U.S. Senator Carl Levin Visits MSU Researchers Involved with Great Lakes Restoration Initiative

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October 24, 2012

Syed Hashsham discusses his research with Senator LevinDuring a visit to campus today, U.S. Senator Carl Levin met with key Michigan State University researchers who are working on several Environmental Protection Agency (EPA) grants supporting the Great Lakes Restoration Initiative (GLRI).

At MSU’s Engineering Research Complex, Sen. Levin observed the low-cost, smartphone-based devices developed by a team of students led by Syed Hashsham, professor of civil and environmental engineering. These DNA biochips support point-of-care genetic analysis systems for water, food, agriculture, and human health.

The centerpiece of this tool is an environmental DNA (e-DNA) chip that is capable of detecting the DNA of invasive species found in the aquatic environment at extremely low abundance. The team will also develop smartphone-based software named Invasive Species Appearance Warning system (or iSAW) for reporting and interaction. Maggie Kronlein, doctoral student; Robert Stedtfeld, post-doctoral associate in civil and environmental engineering; and Aaron Thompson, computer science undergraduate researcher, will integrate their expertise to develop the above system.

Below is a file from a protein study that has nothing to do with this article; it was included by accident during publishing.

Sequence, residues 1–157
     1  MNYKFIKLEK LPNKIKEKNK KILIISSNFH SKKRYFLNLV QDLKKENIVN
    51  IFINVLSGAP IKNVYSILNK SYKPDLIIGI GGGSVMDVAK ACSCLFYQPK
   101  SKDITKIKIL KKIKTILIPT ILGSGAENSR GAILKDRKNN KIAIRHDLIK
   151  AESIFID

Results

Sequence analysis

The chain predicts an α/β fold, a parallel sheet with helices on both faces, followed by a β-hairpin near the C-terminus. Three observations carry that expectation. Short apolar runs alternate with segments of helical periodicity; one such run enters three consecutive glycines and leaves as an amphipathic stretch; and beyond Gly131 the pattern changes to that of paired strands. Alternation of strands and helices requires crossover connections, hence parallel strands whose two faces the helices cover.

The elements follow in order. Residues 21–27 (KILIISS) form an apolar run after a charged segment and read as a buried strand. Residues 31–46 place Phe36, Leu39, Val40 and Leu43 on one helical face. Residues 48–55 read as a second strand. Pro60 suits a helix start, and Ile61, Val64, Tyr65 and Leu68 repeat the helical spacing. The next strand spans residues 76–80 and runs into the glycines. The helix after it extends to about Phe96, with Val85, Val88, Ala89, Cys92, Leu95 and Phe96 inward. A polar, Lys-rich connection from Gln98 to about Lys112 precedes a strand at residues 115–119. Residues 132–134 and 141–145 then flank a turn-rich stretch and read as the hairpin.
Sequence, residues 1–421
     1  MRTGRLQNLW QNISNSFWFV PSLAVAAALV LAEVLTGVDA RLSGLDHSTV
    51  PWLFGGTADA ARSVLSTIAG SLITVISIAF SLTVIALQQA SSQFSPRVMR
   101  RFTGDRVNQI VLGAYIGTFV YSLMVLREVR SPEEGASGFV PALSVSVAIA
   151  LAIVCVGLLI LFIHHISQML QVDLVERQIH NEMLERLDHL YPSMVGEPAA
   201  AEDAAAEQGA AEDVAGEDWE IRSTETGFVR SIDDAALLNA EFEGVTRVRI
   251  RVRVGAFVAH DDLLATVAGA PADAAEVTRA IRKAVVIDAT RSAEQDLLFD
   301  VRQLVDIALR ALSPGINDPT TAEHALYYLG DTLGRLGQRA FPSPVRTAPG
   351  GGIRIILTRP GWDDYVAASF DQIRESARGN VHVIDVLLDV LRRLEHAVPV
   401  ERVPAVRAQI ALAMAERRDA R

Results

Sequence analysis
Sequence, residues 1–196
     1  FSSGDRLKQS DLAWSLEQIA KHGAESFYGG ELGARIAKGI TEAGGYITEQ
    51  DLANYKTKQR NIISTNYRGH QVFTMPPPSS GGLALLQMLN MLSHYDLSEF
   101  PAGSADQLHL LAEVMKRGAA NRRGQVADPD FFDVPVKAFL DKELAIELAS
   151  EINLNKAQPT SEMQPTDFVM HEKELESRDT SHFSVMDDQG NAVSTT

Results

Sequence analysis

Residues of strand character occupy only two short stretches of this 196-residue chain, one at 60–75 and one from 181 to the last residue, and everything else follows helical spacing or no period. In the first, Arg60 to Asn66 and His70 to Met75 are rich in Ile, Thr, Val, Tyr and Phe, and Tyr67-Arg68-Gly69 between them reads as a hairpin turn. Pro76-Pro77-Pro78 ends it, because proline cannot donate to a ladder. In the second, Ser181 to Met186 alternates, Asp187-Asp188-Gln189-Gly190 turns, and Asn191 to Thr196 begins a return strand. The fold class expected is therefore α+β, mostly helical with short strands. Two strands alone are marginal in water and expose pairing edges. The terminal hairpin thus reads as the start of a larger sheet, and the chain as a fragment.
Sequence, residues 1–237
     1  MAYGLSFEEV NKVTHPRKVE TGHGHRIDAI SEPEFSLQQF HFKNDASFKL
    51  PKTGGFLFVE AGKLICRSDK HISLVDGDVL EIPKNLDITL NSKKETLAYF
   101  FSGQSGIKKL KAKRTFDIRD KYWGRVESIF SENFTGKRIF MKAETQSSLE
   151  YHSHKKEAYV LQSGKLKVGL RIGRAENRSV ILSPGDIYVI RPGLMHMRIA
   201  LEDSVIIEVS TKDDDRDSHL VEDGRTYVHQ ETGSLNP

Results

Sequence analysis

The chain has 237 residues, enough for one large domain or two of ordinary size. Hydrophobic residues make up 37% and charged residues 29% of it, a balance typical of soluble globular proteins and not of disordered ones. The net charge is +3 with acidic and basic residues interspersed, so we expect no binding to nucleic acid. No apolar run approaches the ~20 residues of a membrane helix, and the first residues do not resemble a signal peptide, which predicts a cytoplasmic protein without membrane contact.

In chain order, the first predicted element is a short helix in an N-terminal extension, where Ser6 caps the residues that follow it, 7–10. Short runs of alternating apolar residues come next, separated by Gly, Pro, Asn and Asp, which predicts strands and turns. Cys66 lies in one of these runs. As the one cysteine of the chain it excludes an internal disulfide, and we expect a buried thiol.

Hashsham is collaborating with Jan Stevenson, a professor in the Department of Zoology; Jo Latimore, lake and stream outreach specialist; and Erin Dreelin, associate director of the Center for Water Sciences, to create an analysis tool to monitor the lakes for invasive species such as hydrilla, golden mussel, northern snakehead, killer shrimp, and Ponto-Caspian water fleas. The team is also collaborating with Sarah LeSage, coordinator of the Aquatic Invasive Species Program, Michigan Department of Environmental Quality, to accomplish the project goals.

In early 2010, a task force of 11 federal agencies developed an action plan to implement the GLRI, the largest investment in the Great Lakes in two decades. This action plan covers fiscal years 2010 through 2014.

In 2012, MSU received funding for four projects from EPA under the GLRI, including Hashsham's work.

Read more about two of the projects

View the GLRI action plan